- Inflation is moving higher globally, particularly in the Euro Zone, UK and US. Germany inflation in particular is spiking as it is in the UK due to the profound weakness in the pound. US CPI printed 2.5%, the highest in nearly 5 years. Core CPI is 2%+ for 15 months in a row.
- I expect BoE QE to end this year and just might take away the last rate cut panic after Brexit.
- Foreign investors are large sellers of US Treasuries, particularly China and OPEC countries. Foreigners sold $342b of US notes and bonds in 2016, an unprecedented pace.
- Trump is about to throw fiscal kerosene on an economy that has only a 4.7% unemployment rate and inflation around 2%. Wage growth should accelerate from here.
- Even though I believe that we’ll get a rate hike in March, the Federal Reserve will still go very slow in raising rates which means the long end will do it for them. After all, doves still run the FOMC.
Sovereign bonds, particularly in Europe should be sold. This is where I’m the most bearish as I believe European sovereigns are a train wreck waiting to happen. Corporate bonds are also vulnerable in Euro Zone and in UK as QE eventually ends there. US corporates are very expensive and are exposed on US Treasury weakness and now with the decline in energy prices, high yield pricing has rolled over. Since my last writing, we are now approaching the upper end of the US 10 yr yield range of 2.30-2.60% and European sovereign bond yields are also nearing their recent highs. We are thus at key spots that I expect will be violated to the upside in yields. Be cautious on TLT and BWX and like TBF and TBT.
Updated 3/14/17 – As stated above, I remain a bull on some commodities unlike all in last months’ update. A supply driven bull market resumed last year but I’m taking some chips off the table with industrial metals (SCCO). Oil has had a recent pullback with crude falling back below $50 but I still think $45-$55 will remain the range which I think inevitably will be taken out on the upside as a result of the still large amount of capital expenditures being taken off line over the past few years. I like COP, HP, and XES (the oil service etf). Gold and silver are currencies not commodities but I’ll refer to them in this section. As inflation rises, central banks will be VERY slow to respond, thus real rates will fall and will then boost gold and silver. Mining cap ex has fallen sharply in a variety of industrial metals and that will continue to give a boost to them but they need to now take a breather. Agriculture has lagged badly over the past 5 years on robust harvests but the demand side has been strong. I like DBA.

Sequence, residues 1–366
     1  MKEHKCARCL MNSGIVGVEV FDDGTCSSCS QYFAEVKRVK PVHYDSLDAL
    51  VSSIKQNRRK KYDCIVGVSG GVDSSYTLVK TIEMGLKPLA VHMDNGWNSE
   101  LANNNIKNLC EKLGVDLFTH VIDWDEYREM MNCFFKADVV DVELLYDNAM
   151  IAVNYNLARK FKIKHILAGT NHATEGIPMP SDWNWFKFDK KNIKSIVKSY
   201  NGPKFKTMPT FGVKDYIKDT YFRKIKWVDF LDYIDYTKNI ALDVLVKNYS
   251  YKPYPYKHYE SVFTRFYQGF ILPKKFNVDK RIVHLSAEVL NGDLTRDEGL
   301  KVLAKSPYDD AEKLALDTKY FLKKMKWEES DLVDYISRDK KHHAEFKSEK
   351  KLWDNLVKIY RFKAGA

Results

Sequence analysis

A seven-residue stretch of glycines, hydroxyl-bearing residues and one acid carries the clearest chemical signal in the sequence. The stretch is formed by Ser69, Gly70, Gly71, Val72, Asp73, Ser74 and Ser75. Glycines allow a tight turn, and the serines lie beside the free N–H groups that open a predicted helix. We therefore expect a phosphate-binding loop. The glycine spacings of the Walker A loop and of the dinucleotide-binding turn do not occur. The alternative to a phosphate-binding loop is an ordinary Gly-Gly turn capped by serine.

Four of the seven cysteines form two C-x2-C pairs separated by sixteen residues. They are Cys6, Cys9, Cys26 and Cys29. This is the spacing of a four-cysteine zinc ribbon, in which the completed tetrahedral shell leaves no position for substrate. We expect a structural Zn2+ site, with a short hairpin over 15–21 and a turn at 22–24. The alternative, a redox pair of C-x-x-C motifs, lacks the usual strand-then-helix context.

Updated 3/14/17 – The dollar is stuck in this contradictory vortex between the desire on the part of the Administration for a weak currency as expressed by officials on one hand but the possibility of a border adjustment tax being part of broad tax reform which needs a stronger dollar. As I’m most worried about a rising trend in inflation and a Fed that will very gradually respond with hikes, I’m a seller of the dollar. With the ECB cutting QE in April, I’m a buyer of the euro (FXE). Mario Draghi last week was very dovish but is finally beginning to acknowledge that inflation trends are moving up, the downside risks are basically gone and there is now even a discussion about when negative rates will start going on. With pressure growing on the BoE to take back the easing post Brexit because they have an inflation problem on their hands, I like the pound too as I believe it’s now very undervalued (FXB). I’m going to add a positive stance on Asian currencies, particularly the South Korean Won where the EWY stock etf will benefit from. I also like the Singapore dollar (FXSG) as its cheap relative to the US dollar.